A mu class glutathione S-transferase from Manila clam Ruditapes philippinarum (RpGSTμ): cloning, mRNA expression, and conjugation assays.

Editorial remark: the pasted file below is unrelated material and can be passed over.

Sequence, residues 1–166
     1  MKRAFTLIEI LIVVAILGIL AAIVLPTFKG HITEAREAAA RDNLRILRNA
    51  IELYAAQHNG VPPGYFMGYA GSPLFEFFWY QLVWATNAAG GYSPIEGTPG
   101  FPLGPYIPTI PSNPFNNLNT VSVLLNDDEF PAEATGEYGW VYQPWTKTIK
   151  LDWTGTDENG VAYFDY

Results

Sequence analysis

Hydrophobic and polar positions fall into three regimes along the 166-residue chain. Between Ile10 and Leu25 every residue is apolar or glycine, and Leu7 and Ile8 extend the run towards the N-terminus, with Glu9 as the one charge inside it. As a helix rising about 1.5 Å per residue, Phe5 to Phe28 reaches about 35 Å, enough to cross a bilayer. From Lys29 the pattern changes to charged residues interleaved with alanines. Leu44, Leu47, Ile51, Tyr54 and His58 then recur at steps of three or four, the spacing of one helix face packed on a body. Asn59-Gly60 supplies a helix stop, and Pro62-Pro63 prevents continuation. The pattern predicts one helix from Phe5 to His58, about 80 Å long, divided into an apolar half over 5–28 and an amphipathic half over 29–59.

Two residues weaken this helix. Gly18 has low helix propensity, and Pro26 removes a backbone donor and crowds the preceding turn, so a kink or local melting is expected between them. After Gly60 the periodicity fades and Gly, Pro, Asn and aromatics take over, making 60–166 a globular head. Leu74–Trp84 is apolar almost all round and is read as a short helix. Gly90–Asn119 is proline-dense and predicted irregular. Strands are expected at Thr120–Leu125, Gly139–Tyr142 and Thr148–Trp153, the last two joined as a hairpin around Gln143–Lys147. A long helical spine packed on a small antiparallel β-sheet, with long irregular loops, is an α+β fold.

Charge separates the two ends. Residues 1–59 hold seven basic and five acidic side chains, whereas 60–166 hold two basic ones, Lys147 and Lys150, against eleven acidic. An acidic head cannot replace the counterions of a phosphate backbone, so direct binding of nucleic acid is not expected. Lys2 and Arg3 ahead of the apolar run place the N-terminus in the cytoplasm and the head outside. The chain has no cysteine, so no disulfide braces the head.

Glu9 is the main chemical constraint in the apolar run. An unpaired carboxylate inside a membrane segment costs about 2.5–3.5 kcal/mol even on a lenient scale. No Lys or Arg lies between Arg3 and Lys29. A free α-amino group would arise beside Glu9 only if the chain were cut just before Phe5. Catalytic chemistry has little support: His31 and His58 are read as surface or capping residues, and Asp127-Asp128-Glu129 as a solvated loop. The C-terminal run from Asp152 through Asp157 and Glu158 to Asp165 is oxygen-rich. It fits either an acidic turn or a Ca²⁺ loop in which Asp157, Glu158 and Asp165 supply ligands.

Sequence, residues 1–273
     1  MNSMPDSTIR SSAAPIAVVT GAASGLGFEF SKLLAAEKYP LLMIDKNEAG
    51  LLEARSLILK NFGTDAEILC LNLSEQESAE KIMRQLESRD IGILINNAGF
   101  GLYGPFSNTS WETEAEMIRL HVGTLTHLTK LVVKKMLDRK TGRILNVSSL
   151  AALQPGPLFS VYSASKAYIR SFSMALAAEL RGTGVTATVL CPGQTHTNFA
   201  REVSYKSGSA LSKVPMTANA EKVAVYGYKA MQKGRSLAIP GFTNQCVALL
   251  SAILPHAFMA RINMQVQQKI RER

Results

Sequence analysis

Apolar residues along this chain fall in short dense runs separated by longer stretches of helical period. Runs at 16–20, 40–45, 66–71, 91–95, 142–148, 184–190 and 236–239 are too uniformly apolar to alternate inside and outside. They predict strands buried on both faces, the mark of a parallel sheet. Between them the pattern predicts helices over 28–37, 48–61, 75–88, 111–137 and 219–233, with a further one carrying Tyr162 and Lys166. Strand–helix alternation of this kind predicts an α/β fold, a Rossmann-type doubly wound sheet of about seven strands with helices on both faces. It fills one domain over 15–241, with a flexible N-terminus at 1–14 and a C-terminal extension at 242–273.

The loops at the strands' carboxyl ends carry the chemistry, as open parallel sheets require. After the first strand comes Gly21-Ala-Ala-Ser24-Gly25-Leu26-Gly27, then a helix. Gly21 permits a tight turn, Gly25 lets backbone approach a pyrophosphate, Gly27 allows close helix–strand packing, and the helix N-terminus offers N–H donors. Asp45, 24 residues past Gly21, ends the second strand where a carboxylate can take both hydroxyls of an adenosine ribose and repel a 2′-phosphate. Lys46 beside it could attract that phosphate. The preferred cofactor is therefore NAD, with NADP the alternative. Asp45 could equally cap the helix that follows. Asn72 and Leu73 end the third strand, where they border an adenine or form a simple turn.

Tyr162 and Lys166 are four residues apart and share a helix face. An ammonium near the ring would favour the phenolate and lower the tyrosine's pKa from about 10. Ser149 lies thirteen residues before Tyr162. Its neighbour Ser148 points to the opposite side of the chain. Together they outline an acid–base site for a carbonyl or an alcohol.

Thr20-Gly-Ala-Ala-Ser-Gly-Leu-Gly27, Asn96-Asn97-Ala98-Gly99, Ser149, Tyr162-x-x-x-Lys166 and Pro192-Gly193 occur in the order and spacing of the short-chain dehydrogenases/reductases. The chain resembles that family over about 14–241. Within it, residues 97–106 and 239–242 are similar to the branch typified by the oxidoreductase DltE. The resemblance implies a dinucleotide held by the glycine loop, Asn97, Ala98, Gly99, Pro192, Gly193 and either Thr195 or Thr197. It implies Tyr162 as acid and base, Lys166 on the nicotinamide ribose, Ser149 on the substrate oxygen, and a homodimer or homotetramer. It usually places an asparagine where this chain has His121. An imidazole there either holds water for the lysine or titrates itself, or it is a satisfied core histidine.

Glutathione S-transferases (GSTs) are enzymes that catalyze xenobiotic metabolism in the phase II detoxification process. GSTs have a potential for use as indicators or biomarkers to assess the presence of organic and inorganic contaminants in aquatic environments. In this study, a full-length cDNA of a mu (μ) class GST (RpGSTμ) was identified from Manila clam (Ruditapes philippinarum) and biochemically characterized. The 1356 bp of the cDNA included an open reading frame of 651 bp encoding a polypeptide of 217 amino acid residues with a molecular mass of 25.04 kDa and an estimated pI of 6.34. Sequence analysis revealed that the RpGSTμ possessed several characteristic features of μ class GSTs, such as a thioredoxin-like N-terminal domain containing binding sites for glutathione (GSH), a C-terminal domain containing substrate binding sites, and a μ loop. The recombinant RpGSTμ (rRpGSTμ) protein exhibited GSH-conjugating catalytic activity towards several substrates, and significantly strong activity was detected against 4-nitrophenethyl bromide (5.77 ± 0.55) and 1-chloro-2,4-dinitrobenzene (CDNB, 3.19 ± 0.05). Kinetic analysis as a function of GSH and CDNB concentrations revealed relatively low Km values of 1.03 ± 0.46 mM and 0.56 ± 0.20 mM, respectively, thereby indicating a GSH-conjugation attributed with high rates. The optimum pH and temperature for the catalytic activity of the rRpGSTμ protein were 7.7 and 37°C, respectively. The effect of two inhibitors, Cibacron blue and hematin, on the activity of rRpGSTμ was evaluated and the IC50 values of 0.65 μM and 9 μM, respectively, were obtained. While RpGSTμ transcripts were highly expressed in gills and hemocytes, a significant elevation in mRNA levels was detected in these tissues after lipopolysaccharide (LPS), polyinosinic-polycytidylic acid (poly I:C) and live bacterial (Vibrio tapetis) challenges. These findings collectively suggest that RpGSTμ functions as a potent detoxifier of xenobiotic toxicants present in the aquatic environment, and that its mRNA expression could be modulated by pathogenic stress signal(s).